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Europe

Sweden's Pirate Party hopes to hoist its flag in Brussels

©

Text by Nicolas DE SCITIVAUX

Latest update : 2009-04-29

A new political party in Sweden is seeking to protect internet users' freedom to share files on the internet, and hopes to take its case to Brussels by winning a seat in the European Parliament in the upcoming June 7 elections.

The severe verdict of the lawsuit against the four creators of the Pirate Bay file-sharing website, who were each sentenced to one year in prison and fined million of euros, has unleashed a wave of new membership in Piratpartiet (PP), a Swedish political party advocating digital freedom.

Within days, this little group saw its membership grow from 10,000 to more than 38,000, propelling it to the rank of the fourth-largest political party in Sweden.

But PP’s ambitions are not confined to national politics. “Our goal is to win at least one seat in the European Parliament,” said Christian Engström, the party’s main candidate in the EU elections, in an interview with FRANCE 24. “To this end, we need to collect some 100,000 signatures.”

Engström, a 48-year-old former IT consultant, is an enthusiastic defender of “open source” software that is unencumbered by copyright and which offers users free access. He became a political activist in 2004 and has since led many efforts to lobby Brussels for more digital freedom.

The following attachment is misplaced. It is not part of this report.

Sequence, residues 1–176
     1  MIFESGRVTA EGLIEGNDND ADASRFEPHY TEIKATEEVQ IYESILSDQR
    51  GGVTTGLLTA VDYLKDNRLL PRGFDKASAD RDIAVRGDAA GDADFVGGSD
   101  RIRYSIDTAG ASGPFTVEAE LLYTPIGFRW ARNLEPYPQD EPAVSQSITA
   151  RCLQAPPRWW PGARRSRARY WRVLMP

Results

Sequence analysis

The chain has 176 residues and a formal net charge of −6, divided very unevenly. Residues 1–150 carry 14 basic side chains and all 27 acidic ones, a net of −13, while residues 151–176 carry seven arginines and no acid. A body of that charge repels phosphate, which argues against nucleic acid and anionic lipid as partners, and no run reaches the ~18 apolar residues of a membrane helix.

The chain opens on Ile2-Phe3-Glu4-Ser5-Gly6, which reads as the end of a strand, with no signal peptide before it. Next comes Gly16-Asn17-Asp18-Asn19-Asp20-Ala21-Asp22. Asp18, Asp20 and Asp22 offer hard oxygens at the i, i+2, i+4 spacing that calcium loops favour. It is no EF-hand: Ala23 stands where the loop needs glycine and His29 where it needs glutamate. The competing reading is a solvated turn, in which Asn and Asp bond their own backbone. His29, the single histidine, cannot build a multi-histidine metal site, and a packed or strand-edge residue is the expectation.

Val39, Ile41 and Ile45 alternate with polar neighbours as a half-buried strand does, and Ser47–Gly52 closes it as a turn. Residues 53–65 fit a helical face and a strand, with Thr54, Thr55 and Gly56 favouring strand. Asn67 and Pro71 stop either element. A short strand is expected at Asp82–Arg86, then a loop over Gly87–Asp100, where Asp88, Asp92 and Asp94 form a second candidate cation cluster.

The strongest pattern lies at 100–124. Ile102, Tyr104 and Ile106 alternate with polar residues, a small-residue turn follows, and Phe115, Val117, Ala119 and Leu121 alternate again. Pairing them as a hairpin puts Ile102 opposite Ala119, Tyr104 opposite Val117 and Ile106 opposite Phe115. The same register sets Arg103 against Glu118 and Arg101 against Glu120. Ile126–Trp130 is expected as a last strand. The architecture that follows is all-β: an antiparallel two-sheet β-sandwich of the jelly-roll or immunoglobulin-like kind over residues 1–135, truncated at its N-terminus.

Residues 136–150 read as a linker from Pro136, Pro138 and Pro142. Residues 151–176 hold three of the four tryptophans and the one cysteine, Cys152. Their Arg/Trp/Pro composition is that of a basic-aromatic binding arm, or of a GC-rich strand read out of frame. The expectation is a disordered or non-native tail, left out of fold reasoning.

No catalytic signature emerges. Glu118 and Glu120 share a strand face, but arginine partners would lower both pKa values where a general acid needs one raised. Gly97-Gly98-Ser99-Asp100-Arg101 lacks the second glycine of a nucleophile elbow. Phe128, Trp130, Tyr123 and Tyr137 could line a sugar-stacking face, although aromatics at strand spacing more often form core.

File-sharing, beneficial to artists?

"We conduct campaigns like traditional political parties, we distribute leaflets and all the rest,” Engström says. The party platform centres on two main issues: a reform of the laws that regulate artists’ rights and the introduction of mechanisms to protect personal privacy on the Web.

Calling for “a free internet in an open society”, the PP is opposed to any type of excessive control over the Web. Engström says file-sharing for non-commercial use must remain free. As for the concerns of the film and music industries, he says file-sharing is actually beneficial to the artists.  

Artists “have access to a larger piece of the pie than if they were operating through a record company,” says Engström. “The industry has had 10 years to adapt and revamp its economic model, but this hasn’t happened.”

He says he long ago stopped believing that the "big boys" would change their attitude.

Setting an example

Vehemently opposed to the proposals of French President Nicolas Sarkozy regarding regulation of the Internet, Engström says the so-called Hadopi law, which would regulate file downloads and is currently under review, would set Europe back by 20 years.

“Europe needs France to lead the way, but not in that direction,” he says.

Engström is very optimistic regarding his party’s expectations for the June 7 European Parliament elections. He hopes the Piratpartiet will be taken as an example far beyond Swedish borders.

In further testament to his optimism, he says, “Once we are in Brussels, people will listen to what we have to say.”

Date created : 2009-04-24

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